services.Configure<JwtBearerOptions>(AzureADDefaults.JwtBearerAuthenticationScheme, options =>
{
    // This is a Microsoft identity platform web API.
    options.Authority += "/v2.0";

    // The web API accepts as audiences both the Client ID (options.Audience) and api://{ClientID}.
    options.TokenValidationParameters.ValidAudiences = new []
    {
     options.Audience,
     $"api://{options.Audience}"
    };

    // Instead of using the default validation (validating against a single tenant,
    // as we do in line-of-business apps),
    // we inject our own multitenant validation logic (which even accepts both v1 and v2 tokens).
    options.TokenValidationParameters.IssuerValidator = AadIssuerValidator.GetIssuerValidator(options.Authority).Validate;;
});

This code snippet is extracted from the ASP.NET Core Web Api incremental tutorial in Microsoft.Identity.Web/WebApiServiceCollectionExtensions.cs#L50-L63. The AddProtectedWebApi method, which does a lot more, is called from the Startup.cs

Token validation

The JwtBearer middleware, like the OpenID Connect middleware in web apps, is directed by TokenValidationParameters to validate the token. The token is decrypted (as needed), the claims are extracted, and the signature is verified. The middleware then validates the token by checking for this data:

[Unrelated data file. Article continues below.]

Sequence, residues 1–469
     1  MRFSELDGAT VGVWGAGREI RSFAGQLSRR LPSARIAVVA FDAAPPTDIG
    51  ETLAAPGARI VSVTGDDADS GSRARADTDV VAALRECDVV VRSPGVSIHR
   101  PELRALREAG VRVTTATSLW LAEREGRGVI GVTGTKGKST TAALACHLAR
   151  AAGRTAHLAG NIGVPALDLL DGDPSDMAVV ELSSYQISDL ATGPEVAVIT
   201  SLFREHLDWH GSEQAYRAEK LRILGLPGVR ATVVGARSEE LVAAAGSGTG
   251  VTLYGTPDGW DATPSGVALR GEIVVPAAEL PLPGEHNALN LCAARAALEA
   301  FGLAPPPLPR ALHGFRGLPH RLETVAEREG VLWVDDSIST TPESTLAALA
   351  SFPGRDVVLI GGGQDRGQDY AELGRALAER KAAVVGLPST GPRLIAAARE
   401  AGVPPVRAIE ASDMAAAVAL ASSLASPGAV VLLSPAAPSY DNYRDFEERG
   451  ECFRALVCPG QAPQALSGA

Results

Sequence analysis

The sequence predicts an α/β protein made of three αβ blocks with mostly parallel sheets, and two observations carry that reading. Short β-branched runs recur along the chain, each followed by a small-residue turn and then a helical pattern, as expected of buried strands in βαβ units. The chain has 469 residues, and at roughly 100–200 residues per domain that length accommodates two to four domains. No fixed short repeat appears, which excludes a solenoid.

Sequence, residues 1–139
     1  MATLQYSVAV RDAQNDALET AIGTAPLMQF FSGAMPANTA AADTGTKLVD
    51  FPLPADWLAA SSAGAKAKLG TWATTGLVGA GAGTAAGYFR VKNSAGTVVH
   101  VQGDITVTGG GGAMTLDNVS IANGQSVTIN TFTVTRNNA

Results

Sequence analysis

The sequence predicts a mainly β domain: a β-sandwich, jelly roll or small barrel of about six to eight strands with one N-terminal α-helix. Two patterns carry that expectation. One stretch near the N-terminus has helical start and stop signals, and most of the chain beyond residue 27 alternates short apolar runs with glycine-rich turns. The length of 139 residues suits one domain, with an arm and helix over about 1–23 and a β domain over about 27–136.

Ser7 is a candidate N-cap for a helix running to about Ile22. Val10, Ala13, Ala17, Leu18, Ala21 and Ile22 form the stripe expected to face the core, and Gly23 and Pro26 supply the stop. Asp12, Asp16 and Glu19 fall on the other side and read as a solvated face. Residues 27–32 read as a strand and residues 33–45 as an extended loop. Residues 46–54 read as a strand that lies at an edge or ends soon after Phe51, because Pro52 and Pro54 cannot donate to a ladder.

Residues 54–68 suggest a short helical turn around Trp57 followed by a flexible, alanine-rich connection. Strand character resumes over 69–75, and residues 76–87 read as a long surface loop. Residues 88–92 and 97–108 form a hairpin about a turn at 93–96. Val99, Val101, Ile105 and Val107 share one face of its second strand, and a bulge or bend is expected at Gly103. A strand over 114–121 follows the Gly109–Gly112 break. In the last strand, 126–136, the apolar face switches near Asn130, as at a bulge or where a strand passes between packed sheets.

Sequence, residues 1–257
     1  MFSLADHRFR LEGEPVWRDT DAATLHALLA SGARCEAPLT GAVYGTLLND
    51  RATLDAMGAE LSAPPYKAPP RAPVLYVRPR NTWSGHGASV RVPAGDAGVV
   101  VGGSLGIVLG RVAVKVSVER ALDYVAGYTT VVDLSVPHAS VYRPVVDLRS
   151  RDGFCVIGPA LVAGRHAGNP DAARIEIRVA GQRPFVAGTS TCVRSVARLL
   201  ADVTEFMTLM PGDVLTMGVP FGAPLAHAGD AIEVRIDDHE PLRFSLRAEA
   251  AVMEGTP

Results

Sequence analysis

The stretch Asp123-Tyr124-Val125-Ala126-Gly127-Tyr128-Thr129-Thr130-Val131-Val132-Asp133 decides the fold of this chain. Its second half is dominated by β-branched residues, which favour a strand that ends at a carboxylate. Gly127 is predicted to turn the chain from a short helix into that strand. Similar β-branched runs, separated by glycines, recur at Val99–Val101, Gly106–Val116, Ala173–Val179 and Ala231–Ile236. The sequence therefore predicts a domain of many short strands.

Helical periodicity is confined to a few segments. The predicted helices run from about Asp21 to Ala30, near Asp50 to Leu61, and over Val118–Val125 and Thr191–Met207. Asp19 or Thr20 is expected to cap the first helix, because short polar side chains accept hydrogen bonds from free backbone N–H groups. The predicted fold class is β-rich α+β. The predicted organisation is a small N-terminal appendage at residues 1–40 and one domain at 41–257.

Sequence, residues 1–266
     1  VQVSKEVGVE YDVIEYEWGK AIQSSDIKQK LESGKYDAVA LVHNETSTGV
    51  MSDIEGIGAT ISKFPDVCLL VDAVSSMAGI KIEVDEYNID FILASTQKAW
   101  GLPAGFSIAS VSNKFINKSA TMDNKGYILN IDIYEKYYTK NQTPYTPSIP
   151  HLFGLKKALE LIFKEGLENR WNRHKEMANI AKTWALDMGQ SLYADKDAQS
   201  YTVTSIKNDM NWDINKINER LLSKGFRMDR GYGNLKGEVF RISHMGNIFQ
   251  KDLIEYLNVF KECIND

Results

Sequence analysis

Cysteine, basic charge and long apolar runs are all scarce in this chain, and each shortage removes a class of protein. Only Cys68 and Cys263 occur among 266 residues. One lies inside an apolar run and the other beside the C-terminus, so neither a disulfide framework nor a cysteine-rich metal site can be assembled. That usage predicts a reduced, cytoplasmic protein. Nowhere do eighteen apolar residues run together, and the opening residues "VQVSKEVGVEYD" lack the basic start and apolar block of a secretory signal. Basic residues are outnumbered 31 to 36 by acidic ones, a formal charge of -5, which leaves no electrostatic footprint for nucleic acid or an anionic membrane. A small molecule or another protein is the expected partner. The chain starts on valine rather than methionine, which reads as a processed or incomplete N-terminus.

• It's targeted for the web API (audience).
  • It was issued for an app that's allowed to call the web API (sub).
  • It was issued by a trusted security token service (STS) (issuer).
  • Its lifetime is in range (expiry).
  • It wasn't tampered with (signature).

There can also be special validations. For example, it's possible to validate that signing keys (when embedded in a token) are trusted and that the token isn't being replayed. Finally, some protocols require specific validations.

Validators

The validation steps are captured in validators, which are all in the Microsoft IdentityModel Extensions for .NET open-source library, in one source file: Microsoft.IdentityModel.Tokens/Validators.cs.

The validators are described in this table:

Validator Description
ValidateAudience Ensures the token is for the application that validates the token (for me).
ValidateIssuer Ensures the token was issued by a trusted STS (from someone I trust).
ValidateIssuerSigningKey Ensures the application validating the token trusts the key that was used to sign the token. (Special case where the key is embedded in the token. Not usually required.)
ValidateLifetime Ensures the token is still (or already) valid. The validator checks if the lifetime of the token (notbefore and expires claims) is in range.
ValidateSignature Ensures the token hasn't been tampered with.
ValidateTokenReplay Ensures the token isn't replayed. (Special case for some onetime use protocols.)

The validators are all associated with properties of the TokenValidationParameters class, themselves initialized from the ASP.NET/ASP.NET Core configuration. In most cases, you won't have to change the parameters. There's one exception, for apps that aren't single tenants. (That is, web apps that accept users from any organization or from personal Microsoft accounts.) In this case, the issuer must be validated.

Token validation in Azure Functions

It's also possible to validate incoming access tokens in Azure functions. You can find examples of validating tokens in Azure functions in Dotnet, NodeJS, and Python.

Next steps